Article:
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Injury and Envenomation by Exotic Snakes and Other Venomous Pets in Europe

  • Luc de Haro
Reference work entry
Part of the Toxinology book series (TOXI)

Abstract

In the Western world, there is an undeniable increase in the trend for exotic pets among which there are many venomous species. Over the past few years, tarantula bites and exotic fish stings have become frequent in several countries; however snakes are unquestionably the most dangerous of all these unusual pets. Breeders of these exotic snakes are collectors in search of rare specimens for which toxicity is poorly known. Furthermore, some breeders do not hesitate to interbreed these species, thus creating new breeds for which it is difficult to predict toxicity. The European and North American medical practitioners are not trained to deal with patients who have been envenomed by exotic animals. It is therefore advised to consult a specialized department in order to assess risk and draw up a therapeutic protocol according to the venomous species concerned and the clinical picture observed. Finally, it must also be made clear that antivenoms, often the only solution for a quick recovery, are not available in most cases. In order to get out of this unsatisfactory situation, several antivenom banks have been set up by well-informed teams and medical toxicologists from different countries.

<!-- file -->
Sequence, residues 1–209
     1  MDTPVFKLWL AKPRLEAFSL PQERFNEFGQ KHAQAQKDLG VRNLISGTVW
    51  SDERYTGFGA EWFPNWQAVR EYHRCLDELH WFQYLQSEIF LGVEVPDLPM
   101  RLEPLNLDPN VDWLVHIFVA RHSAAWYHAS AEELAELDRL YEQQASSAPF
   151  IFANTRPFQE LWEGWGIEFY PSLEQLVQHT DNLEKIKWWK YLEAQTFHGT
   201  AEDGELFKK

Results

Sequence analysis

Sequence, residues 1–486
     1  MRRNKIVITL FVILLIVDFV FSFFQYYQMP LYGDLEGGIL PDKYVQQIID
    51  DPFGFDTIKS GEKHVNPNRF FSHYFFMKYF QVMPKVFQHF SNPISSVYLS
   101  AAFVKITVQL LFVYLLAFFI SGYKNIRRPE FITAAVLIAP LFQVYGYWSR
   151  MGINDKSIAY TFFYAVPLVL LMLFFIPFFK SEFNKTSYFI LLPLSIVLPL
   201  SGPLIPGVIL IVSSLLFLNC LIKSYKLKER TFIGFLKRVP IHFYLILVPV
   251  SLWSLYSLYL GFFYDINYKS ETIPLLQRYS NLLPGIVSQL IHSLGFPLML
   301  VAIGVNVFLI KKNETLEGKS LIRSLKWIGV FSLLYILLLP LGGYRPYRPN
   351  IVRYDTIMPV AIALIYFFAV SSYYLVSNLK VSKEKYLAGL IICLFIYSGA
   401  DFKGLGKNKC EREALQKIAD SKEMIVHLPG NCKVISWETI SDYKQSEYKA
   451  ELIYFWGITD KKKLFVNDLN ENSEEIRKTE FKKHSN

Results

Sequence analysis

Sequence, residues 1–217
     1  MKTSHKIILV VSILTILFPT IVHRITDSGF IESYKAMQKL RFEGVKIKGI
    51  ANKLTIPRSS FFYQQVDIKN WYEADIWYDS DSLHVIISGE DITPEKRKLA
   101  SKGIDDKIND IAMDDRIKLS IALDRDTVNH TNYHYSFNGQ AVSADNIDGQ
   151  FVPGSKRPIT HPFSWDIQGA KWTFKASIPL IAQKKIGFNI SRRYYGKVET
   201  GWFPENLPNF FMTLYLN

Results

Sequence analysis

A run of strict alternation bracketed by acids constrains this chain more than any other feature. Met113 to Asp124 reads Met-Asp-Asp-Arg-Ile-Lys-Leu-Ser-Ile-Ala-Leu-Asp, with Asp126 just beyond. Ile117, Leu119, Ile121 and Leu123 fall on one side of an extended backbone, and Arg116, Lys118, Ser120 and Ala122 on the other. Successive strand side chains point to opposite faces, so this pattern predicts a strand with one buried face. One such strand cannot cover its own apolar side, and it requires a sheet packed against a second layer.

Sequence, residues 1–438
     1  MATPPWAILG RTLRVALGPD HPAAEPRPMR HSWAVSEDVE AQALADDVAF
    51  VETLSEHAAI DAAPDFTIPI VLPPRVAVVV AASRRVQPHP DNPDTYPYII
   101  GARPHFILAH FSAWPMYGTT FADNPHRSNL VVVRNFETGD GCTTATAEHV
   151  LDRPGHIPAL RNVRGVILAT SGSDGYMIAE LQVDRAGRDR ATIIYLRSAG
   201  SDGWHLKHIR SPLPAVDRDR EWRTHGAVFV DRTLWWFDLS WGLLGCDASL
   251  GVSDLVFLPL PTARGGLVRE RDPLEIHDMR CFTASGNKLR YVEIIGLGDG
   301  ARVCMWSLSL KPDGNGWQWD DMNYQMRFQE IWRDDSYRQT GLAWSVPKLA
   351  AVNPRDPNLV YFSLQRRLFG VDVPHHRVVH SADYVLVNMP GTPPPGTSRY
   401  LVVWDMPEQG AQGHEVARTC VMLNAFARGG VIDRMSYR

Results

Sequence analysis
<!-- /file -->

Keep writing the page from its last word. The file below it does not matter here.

Keywords

Antivenom bank Clinical toxicology Envenomation Exotic snakes Poison Centre 

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Copyright information

© Springer Science+Business Media B.V., part of Springer Nature 2018

Authors and Affiliations

  1. 1.Toxicovigilance UnitPoison Centre of MarseilleMarseilleFrance

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